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Ennis man faces AIB in Commercial Court

An Ennis man against whom AIB obtained a €3.48 million judgment last March had previously transferred €820,000 and a property in the US to his wife with the intention of defrauding creditors, the bank has claimed at the Commercial Court.

Property developer Garech McGuinness, of Whispering Pines, and his business partner, Patrick Taylor, Moyreisk, Quin, had judgment entered against them after a judge ruled they had failed to establish an arguable defence to AIB’s claim arising from default on loans.

In proceedings entered into the Commercial Court list on Monday, AIB claims that, between July 2013 and July 2014, Mr McGuinness transferred four sums totalling €820,926 to his wife, Justine McGuinness.

It is also alleged he transferred to her around July 2014, for “a nominal consideration”, a residential property in Massachusetts, which the bank believes was worth not less than €250,000.

In court documents, the bank claims these transfers were effected “with the dominant intention of defrauding creditors”, including the bank and were done without reference or notice to the bank.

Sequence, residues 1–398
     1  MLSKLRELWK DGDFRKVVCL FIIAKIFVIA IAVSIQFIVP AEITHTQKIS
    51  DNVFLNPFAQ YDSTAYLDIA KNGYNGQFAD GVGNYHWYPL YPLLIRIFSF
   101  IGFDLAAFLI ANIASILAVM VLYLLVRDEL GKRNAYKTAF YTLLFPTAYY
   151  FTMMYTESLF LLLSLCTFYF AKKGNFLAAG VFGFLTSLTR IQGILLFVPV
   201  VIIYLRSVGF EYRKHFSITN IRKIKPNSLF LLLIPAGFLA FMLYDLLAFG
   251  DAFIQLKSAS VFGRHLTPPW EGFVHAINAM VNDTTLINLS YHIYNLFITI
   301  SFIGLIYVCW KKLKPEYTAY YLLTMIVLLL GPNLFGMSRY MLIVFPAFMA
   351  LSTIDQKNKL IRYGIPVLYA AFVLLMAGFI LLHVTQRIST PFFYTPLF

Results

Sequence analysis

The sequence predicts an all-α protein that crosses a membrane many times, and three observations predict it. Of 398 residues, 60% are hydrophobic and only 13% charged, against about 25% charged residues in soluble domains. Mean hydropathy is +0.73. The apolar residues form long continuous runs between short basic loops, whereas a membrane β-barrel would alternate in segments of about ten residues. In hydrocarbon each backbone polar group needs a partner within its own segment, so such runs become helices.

The transfers were made when Mr McGuinness was in significant default of his obligations to AIB and when he was actively  trying to restructure his borrowings, the bank also alleges.

Mr Justice Brian McGovern agreed on Monday, on consent between the parties, to transfer the case to the Commercial Court. Noting there was an agreed timetable for exchange of legal dcouments, he adjourned the matter to October.

In its documents, AIB said Mr McGuinness and Mr Taylor originally got the loans from AIB in 2011.

They fell into arrears and the bank demanded repayment in 2015. There were still no further payments and AIB sought judgment.

The men claimed they had an arguable defence to the claim for summary judgment and sought to have the case go to a full hearing.

They claimed the original loans were supplanted by a revised 2013 loan agreement. They also argued the alleged default over the loans was “completely manufactured” and claimed they were led to believe by an AIB official that the bank was satisfied with obtaining security for the loans over two sites in Ennis as a condition for the revised 2013 facilities.

The bank said the revised agreement never came into effect because the defendants failed to take the necessary steps to create a charge over the Ennis sites offered as security. Last March, Mr Justice McGovern ruled the bank was entitled to summary judgment.

By Tim Healy

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